The reports show that ADA Title III lawsuits are continuously rising by 8% since 2015. Also, it is quite challenging to understand whether the ADA applies to your site or it depends where you are sued. 

The good news for potential defendants is that the only remedies available in private ADA suits are instructions that force you to come into compliance and attorneys’ fees. If the Department of Justice gets involved, they can seek civil fines and penalties. Hence, you need to do a benefit analysis as to whether it is worth challenging the claim or not. 

As these claims become more prevalent, the WCAG 2.0 or similar standards will become just as familiar as including SEO elements into new sites. These standards include the use of “alt-text” features which allows screen reader technology to convert text to audio for the visually impaired.

Overall, it is seen that ADA compliant has been introduced so as to eliminate the discrimination in society and give equal rights to all. The websites are being made according to the ADA Compliant to provide equal benefits of accessing the websites. This is done by understanding the levels of guidelines suitable for their business. It is also seen that ADA lawsuits are on a hike which is based on the inaccessibility of disabled users. 

Pro Tip – Undergo a website audit to check whether the website is accessible by all of the users or not. For newbies in the business, it is suggested to design your website and get your website ADA compliant from the initial stage itself.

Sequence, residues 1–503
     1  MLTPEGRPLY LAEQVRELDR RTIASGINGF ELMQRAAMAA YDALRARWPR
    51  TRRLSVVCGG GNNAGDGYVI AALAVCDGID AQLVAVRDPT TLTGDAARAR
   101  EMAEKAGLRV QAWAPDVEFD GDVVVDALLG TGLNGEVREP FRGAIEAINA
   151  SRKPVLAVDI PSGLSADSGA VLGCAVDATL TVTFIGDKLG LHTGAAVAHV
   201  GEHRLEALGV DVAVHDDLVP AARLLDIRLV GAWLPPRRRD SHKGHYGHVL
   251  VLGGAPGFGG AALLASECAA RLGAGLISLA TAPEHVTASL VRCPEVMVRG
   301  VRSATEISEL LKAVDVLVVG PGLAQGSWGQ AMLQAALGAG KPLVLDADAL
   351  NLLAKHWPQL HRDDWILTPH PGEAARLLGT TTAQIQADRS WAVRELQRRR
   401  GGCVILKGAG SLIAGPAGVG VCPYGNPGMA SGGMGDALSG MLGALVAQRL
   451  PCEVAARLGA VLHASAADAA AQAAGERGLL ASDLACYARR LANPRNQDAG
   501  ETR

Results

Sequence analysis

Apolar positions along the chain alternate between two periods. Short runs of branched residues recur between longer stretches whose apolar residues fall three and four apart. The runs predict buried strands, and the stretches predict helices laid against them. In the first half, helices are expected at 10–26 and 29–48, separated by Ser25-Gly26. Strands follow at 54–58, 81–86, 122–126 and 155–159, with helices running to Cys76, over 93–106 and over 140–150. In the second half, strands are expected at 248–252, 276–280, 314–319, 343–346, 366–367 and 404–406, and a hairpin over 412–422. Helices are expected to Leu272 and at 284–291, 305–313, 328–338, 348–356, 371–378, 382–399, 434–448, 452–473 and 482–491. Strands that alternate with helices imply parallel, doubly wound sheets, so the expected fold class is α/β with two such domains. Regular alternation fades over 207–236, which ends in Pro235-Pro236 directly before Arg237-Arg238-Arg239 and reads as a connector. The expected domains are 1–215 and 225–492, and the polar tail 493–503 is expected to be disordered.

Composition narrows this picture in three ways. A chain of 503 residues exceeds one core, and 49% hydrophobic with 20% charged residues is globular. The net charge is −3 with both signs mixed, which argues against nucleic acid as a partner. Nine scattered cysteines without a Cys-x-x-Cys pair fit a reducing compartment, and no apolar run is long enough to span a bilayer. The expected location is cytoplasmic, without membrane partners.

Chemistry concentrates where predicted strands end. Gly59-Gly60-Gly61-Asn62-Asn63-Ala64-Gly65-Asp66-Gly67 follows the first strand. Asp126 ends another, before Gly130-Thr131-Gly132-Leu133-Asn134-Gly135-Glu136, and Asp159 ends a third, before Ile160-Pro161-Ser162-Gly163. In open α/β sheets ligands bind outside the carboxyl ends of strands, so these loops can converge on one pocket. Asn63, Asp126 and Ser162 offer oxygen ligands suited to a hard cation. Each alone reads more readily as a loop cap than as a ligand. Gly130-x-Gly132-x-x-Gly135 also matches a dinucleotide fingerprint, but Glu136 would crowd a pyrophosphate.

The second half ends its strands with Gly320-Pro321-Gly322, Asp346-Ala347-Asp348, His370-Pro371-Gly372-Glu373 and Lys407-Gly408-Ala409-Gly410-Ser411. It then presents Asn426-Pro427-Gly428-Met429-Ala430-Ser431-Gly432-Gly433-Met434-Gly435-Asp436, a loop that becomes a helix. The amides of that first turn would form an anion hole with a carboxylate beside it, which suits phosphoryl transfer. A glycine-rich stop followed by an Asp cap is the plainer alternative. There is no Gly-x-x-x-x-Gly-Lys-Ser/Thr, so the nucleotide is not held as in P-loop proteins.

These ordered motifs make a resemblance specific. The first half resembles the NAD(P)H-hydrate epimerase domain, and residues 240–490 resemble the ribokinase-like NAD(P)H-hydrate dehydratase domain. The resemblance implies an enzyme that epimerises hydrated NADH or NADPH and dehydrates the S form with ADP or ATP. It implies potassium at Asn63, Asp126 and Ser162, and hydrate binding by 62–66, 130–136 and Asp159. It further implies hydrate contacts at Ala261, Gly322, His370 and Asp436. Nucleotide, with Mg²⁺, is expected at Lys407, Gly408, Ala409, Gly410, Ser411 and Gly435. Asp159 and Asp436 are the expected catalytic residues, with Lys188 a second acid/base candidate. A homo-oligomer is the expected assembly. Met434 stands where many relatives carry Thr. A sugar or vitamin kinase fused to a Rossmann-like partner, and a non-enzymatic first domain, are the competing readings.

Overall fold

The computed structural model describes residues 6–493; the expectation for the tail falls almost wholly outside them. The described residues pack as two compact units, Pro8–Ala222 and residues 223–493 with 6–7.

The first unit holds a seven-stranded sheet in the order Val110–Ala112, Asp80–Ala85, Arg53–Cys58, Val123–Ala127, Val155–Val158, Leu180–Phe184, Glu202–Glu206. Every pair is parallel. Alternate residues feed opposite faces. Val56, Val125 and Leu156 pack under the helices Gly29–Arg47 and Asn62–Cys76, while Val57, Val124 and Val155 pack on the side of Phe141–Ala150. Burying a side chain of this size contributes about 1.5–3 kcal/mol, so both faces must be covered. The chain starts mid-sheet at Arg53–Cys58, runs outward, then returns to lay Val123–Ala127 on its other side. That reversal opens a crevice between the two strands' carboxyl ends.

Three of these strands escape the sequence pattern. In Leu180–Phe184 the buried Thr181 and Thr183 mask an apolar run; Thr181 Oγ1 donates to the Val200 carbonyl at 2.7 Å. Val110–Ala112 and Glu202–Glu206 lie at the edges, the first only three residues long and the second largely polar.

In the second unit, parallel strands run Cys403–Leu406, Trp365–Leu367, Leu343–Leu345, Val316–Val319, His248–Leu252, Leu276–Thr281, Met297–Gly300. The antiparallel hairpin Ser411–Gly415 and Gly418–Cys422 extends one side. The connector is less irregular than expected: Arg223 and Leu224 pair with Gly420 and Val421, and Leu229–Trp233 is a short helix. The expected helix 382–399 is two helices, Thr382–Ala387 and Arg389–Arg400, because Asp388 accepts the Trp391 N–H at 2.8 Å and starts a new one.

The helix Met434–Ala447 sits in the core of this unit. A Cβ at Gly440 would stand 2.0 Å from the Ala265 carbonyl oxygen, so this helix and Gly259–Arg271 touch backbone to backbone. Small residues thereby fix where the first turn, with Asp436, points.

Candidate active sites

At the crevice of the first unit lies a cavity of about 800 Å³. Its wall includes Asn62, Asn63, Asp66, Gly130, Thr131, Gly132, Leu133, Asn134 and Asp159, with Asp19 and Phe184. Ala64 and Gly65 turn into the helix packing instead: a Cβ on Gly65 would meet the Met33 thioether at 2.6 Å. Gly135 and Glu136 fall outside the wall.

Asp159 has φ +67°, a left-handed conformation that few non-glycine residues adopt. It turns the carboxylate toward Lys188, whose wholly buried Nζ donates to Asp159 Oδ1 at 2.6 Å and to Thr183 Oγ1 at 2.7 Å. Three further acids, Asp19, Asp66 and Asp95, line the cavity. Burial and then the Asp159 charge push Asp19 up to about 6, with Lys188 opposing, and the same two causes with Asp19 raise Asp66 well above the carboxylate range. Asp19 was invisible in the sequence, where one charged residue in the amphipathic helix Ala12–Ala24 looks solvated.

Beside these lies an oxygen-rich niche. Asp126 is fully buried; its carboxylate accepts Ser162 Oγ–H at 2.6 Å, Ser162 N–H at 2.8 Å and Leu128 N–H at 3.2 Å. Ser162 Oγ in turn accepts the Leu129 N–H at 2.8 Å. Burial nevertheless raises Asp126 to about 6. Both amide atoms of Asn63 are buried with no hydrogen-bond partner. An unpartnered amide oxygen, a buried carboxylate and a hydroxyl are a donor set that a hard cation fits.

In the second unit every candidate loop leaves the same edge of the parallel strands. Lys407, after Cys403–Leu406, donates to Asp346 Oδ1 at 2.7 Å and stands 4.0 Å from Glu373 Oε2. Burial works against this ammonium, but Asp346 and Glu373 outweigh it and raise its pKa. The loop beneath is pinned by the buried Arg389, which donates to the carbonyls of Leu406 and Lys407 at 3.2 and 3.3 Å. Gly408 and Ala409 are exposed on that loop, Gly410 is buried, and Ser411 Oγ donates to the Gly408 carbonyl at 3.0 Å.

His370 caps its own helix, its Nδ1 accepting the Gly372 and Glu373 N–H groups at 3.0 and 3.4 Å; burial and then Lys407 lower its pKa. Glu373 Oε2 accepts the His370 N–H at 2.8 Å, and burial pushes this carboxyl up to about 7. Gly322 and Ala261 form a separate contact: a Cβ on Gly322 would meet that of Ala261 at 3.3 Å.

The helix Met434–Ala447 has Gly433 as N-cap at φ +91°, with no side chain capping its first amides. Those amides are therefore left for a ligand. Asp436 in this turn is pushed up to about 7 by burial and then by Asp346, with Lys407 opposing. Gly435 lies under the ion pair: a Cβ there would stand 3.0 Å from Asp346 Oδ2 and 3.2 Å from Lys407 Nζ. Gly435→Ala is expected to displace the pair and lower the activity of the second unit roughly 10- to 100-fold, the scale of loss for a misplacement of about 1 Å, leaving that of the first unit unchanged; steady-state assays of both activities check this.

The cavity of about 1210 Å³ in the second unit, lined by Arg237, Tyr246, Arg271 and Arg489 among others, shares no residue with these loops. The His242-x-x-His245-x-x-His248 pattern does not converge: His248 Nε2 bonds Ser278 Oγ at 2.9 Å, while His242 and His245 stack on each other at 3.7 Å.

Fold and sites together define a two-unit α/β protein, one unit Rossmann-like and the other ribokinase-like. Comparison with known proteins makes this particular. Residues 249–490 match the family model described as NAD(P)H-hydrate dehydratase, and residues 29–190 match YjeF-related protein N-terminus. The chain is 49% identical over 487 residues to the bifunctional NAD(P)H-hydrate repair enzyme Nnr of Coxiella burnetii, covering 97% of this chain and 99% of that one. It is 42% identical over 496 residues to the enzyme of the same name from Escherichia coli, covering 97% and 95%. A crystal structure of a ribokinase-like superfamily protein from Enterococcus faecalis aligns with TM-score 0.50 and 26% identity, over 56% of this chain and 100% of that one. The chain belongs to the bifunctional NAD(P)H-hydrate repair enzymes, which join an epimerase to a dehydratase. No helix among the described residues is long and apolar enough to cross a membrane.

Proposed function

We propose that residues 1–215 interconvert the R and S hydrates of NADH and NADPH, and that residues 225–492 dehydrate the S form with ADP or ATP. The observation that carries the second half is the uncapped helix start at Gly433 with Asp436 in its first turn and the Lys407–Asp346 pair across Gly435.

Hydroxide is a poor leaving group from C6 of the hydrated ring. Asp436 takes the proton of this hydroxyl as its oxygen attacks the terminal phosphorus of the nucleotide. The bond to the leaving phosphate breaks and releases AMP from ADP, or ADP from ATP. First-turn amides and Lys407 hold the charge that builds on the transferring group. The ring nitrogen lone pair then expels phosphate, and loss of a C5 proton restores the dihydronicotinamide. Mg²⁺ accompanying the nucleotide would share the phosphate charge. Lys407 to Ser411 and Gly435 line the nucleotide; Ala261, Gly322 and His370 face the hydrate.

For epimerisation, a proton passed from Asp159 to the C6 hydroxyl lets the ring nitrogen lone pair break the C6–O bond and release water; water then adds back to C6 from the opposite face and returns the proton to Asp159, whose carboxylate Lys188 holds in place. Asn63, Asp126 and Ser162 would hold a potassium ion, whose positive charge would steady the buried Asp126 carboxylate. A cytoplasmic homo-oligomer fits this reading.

Working on a website can be difficult. Adding new media and updating pages is chore, even though you know your company website needs to evolve and become more accessible to the many users you are trying to reach. Maybe when you first built it, accessibility wasn’t even really discussed. But now you’ve taken a step back, looked at your customer base with a desire to include everyone and you’ve realized just how important it is to make your site accessible. However, the thought of building a robust site that can do all the things you want it to do is overwhelming.

What is Web Accessibility

A practice of designing and coding the website in order to provide complete compatibility in accessing it by people with disabilities. In addition, it is a way to improve search engine optimization only an ADA Compliant Web Designer will help you to make your website Compliant. Is your website compatible? By going through the checklist below, you can get the answer.

Assessing Current Web Pages and Content

  • The website must include a feature like a navigation link at the top of the page. These links have a bypass mechanism such as a “skip navigation” link. This feature directs screen readers to bypass the row of navigation links and start at the web page content. It is beneficial for people who use screen readers to avoid to listen to all the links each time they jump to a new page.